Thursday, November 8, 2007

Photoshop, oh Photoshop!

I like Photoshop CS2. I don't even want to look at CS3 yet, but I'm sure that will happen someday. At work, I did this sketch yesterday and kinda finished it up and made it more presentable today. She looks kinda green on my monitor at home, but she looked ok at work....Tyra Banks was the reference photo. Everything but the face was kind of an afterthought and done without any reference....and I think it shows. Oh well, it's just a sketch. It is what it is.


Quick Photoshop Custom Brush Tutorial

Ok, so you should know that most of the default brushes in Photoshop aren't that great. However, the angled squarish chalk ones are pretty decent.

To make a new brush, you'll first want to start with a new document. I usually just make a 256x256 @ 72 or 150 pixels per inch. Make the background white, and whatever is darker than white will become your brush shape. This is the brush shape I like to use for general painting:

Once you have your brush shape the way you want it, go to Edit > Define Brush Preset. This will make your current document into a brush. Name it whatever you want, and then click "OK".

Select the Brush tool and you will see that you now have your new brush shape. However, the default settings aren't normally what you want on your brush. Open the Brush window under Window > Brushes (F5).

Under Brush Tip Shape, I normally set the spacing setting to 1% unless I'm going for a repeated pattern look. I'll go over one of those brushes some other time. You can play around with the roundness or angle if your initial brush shape isn't looking exactly how you wanted.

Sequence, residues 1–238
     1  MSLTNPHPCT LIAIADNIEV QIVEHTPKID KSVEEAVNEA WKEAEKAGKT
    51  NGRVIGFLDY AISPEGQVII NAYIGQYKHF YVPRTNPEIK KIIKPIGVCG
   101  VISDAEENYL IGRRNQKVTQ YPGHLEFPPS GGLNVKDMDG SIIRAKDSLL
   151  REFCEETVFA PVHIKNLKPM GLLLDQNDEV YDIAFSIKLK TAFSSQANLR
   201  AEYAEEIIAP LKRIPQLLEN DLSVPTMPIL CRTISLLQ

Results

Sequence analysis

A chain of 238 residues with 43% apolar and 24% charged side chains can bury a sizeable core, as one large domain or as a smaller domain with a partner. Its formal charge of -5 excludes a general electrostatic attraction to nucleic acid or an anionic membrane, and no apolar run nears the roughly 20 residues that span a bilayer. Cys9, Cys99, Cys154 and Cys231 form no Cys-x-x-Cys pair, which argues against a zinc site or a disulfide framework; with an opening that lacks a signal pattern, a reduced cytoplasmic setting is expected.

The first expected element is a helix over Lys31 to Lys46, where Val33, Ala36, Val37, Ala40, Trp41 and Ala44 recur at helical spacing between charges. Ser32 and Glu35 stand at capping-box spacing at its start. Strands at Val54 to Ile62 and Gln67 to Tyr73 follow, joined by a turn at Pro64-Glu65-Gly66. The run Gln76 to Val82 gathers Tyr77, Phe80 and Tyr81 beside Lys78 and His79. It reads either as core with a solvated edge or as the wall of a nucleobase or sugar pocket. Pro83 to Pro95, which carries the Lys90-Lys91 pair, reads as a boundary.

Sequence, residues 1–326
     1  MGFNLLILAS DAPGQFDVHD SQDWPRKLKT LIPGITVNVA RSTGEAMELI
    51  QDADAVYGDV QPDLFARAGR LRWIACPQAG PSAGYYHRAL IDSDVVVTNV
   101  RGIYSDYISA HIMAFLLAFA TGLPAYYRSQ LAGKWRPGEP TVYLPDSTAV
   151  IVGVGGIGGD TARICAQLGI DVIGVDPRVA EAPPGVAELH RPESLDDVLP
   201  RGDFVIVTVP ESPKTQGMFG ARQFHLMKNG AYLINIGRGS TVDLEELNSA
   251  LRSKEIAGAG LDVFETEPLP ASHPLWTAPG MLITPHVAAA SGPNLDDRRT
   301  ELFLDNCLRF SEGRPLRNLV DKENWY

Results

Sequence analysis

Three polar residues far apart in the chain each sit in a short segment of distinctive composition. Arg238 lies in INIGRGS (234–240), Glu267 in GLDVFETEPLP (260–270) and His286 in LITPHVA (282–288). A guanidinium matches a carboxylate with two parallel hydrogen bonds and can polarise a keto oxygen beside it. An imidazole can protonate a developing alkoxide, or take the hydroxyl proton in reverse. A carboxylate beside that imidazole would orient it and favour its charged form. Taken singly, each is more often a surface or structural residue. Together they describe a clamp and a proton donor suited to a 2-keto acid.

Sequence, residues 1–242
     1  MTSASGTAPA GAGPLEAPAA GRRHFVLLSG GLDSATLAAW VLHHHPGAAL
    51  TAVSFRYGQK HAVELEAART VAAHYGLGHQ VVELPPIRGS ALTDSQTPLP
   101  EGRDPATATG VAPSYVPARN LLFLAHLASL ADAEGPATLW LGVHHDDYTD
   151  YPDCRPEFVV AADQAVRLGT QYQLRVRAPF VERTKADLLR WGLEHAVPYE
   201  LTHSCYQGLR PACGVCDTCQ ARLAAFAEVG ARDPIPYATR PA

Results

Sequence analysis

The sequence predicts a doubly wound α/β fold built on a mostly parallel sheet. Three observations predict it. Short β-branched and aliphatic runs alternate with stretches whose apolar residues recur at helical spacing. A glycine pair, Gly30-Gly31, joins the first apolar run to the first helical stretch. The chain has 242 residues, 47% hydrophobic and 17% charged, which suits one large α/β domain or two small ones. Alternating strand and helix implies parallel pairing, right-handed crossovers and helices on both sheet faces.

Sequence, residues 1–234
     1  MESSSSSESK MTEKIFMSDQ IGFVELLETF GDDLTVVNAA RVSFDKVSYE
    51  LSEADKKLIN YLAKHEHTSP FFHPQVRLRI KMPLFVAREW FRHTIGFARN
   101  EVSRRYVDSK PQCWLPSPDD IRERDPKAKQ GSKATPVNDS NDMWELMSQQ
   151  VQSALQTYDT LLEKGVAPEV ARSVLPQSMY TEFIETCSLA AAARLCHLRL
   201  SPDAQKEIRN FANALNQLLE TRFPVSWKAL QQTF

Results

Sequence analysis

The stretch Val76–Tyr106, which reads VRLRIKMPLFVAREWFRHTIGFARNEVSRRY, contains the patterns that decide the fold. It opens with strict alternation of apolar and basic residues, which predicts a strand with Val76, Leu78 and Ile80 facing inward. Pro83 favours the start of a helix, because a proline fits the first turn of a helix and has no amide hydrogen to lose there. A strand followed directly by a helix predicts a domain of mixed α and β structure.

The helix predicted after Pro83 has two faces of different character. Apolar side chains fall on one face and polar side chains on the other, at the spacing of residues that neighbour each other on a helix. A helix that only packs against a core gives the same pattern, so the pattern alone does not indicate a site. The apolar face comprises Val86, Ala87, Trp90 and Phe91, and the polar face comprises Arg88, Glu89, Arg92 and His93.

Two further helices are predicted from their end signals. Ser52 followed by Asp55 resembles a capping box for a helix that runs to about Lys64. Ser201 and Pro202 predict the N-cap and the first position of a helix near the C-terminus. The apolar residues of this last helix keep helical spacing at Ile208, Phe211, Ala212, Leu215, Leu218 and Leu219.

Next, I make sure Smoothing is checked at the bottom, and then go into Shape Dynamics. For these features to work effectively, you should have a pressure-sensitive drawing tablet like this. They can be pricey, but are very essential if you plan on being serious about digital artwork. My Wacom Intuos Series 1 has been very reliable, and I have rarely heard of anyone's tablet breaking from wear and tear.

Sorry about that are my settings for this brush.

Hope this helped. As you can see, creating a custom brush is pretty simple. There are many options and features you can use in each brush, but often you only need a few of them. The trick is just understanding each feature and using the ones you need for the look you want. Simple experimentation of the settings will go a long way.

Up next, more custom brushes with "texture"! I hope this was helpful. As a tease, here are some other brush shapes in my brush palette.


Alissa said...

fyi, she looks a tad green on my (nearly calibrated) monitor... not as bad as your monitor tho.

Brian said...

She looks nice on my work comp.

Cool brush set up.

My next purchase is going to be an intuos 4x6.

I'd like to get the one that is the monitor and pad all in one but it's like 2500 bucks!